All animals are equal but some animals are more equal than others.
The animals at Manor Farm have had enough of Farmer Jones – he’s drunk, reckless and cares little for their welfare. When the boar, Old Major, shares his revolutionary plans, the animals are convinced they can thrive on their own once the despot Jones is overthrown. But as the pigs vie for power, they begin to bear an uncanny resemblance to the tyrants they have overthrown…
George Orwell’s renowned fable became an instant success on publication after the Second World War. The novel has continued to captivate readers of all ages, and has secured Orwell’s position as one of the great writers of the twentieth century.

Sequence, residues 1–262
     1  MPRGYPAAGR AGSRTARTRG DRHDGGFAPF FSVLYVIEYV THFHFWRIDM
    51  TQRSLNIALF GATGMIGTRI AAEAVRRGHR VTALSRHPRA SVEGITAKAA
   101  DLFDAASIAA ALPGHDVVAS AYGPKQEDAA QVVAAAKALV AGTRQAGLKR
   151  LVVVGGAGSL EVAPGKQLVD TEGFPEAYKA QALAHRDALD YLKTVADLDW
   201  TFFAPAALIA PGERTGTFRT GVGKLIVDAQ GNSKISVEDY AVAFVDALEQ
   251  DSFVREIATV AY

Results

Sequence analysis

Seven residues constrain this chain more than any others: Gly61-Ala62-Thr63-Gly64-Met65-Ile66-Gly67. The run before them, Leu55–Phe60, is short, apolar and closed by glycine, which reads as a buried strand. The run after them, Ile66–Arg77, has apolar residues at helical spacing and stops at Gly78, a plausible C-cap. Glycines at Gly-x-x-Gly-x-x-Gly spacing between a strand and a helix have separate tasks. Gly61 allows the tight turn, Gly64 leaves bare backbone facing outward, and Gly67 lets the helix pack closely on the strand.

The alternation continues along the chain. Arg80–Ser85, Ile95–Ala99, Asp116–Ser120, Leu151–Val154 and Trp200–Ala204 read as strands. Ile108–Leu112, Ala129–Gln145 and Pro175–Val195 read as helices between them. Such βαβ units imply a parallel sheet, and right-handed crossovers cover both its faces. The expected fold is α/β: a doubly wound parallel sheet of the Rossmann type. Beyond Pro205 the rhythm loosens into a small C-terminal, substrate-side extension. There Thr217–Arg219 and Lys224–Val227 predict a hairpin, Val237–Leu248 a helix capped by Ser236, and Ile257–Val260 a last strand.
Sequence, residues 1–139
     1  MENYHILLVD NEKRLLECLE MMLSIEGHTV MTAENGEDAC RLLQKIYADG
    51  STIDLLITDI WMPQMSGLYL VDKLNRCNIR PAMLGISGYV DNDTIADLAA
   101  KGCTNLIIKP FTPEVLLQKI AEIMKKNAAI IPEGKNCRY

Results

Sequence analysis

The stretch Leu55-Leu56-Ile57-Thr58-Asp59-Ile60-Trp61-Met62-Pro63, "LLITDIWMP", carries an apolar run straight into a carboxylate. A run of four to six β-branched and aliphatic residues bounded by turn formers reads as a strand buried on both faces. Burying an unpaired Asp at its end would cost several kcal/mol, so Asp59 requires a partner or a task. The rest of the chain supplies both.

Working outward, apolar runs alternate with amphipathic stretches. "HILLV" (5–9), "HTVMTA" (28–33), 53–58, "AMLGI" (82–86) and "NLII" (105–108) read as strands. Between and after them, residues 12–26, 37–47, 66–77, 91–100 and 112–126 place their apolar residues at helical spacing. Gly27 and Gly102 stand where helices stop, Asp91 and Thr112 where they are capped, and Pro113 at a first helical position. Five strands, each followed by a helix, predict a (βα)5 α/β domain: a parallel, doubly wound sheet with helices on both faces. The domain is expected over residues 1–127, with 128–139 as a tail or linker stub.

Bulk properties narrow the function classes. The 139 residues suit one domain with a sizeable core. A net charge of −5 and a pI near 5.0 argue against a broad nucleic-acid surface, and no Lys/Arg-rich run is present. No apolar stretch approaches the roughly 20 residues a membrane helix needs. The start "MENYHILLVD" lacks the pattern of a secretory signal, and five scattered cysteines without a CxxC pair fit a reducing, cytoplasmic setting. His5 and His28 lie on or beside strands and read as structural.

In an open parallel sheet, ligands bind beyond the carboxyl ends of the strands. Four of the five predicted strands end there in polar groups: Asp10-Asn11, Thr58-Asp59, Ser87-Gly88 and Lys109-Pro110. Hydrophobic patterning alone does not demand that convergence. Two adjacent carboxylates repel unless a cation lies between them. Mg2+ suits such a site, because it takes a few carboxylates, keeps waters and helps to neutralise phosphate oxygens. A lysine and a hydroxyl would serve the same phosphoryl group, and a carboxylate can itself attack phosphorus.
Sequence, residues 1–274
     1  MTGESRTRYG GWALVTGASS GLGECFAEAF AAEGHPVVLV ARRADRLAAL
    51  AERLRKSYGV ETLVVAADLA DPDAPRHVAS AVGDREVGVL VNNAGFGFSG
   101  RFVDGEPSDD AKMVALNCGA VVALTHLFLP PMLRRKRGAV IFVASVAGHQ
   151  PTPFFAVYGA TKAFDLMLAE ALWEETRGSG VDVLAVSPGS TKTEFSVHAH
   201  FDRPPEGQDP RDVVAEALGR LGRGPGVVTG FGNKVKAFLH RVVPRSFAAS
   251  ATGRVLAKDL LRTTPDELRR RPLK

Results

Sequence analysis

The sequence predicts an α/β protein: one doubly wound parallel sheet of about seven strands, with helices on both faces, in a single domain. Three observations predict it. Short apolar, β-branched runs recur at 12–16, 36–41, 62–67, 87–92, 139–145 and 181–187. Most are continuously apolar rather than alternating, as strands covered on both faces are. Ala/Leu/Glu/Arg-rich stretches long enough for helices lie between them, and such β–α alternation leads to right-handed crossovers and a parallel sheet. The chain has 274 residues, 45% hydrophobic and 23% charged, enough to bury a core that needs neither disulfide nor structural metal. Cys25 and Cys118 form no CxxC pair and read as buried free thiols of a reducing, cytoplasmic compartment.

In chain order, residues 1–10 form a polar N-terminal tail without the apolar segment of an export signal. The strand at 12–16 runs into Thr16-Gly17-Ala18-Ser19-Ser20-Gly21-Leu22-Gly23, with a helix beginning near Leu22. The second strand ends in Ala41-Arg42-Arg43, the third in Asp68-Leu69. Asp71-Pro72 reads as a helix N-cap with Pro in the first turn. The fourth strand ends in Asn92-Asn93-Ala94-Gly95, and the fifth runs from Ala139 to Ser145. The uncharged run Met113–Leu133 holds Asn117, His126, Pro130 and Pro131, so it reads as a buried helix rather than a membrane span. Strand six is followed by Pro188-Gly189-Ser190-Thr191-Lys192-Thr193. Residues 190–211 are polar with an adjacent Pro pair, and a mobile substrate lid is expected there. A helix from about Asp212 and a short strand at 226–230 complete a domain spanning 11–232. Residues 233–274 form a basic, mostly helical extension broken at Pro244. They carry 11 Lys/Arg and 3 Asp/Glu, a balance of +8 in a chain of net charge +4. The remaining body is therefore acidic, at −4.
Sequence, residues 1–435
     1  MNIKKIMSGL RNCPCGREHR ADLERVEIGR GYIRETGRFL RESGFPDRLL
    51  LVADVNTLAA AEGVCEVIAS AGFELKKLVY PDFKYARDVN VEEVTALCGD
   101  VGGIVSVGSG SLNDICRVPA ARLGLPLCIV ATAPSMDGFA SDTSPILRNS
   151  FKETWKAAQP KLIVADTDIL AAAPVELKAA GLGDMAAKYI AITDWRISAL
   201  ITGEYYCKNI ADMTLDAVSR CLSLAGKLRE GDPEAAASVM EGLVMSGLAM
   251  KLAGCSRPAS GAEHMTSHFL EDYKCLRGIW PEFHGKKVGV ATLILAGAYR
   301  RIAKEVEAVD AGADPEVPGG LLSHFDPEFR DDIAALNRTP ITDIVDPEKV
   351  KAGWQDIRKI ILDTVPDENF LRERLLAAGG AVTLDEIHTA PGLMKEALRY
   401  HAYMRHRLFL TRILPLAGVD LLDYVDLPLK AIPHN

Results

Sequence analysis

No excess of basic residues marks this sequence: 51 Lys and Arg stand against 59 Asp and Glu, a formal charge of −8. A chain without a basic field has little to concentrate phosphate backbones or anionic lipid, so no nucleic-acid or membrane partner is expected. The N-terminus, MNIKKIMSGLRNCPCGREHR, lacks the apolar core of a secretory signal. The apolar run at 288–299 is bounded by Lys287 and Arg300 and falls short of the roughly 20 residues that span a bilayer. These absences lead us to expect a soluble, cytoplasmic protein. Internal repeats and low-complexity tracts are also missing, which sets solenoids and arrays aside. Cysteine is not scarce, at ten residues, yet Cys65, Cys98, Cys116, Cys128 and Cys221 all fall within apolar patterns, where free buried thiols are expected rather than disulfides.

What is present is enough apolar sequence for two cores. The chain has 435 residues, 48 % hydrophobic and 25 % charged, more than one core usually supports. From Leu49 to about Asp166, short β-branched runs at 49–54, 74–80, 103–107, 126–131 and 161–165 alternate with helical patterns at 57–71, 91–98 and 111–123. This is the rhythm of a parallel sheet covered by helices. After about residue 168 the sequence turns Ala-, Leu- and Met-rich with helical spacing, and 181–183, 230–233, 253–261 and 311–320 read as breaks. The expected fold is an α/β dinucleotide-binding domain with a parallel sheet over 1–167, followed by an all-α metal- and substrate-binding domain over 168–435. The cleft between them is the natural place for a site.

‘[Orwell’s] wit is both edged and human. Few writers of any period have been able to use the English language so simply and accurately to say what they mean, and at the same time to mean something’ The New Republic (1946)
‘The book for everyone and Everyman, its brightness undimmed after fifty years’ Daily Telegraph
‘Orwell … has written in a prose so plain and spare, so admirably proportioned to his purpose, that Animal Farm even seems very creditable if we compare it with Voltaire and Swift’ The New Yorker
‘A prophet who thought the unthinkable and spoke the unspeakable, even when it offended conventional thought’ Daily Express
‘Matchlessly sharp and fresh … The clearest and most compelling English prose style this century’ Sunday Times
About the author
George Orwell was the pen name of Eric Arthur Blair (1903–1950). A renowned journalist, essayist, critic and novelist, he is best known for his novels Animal Farm and 1984, and his work remains influential to this day.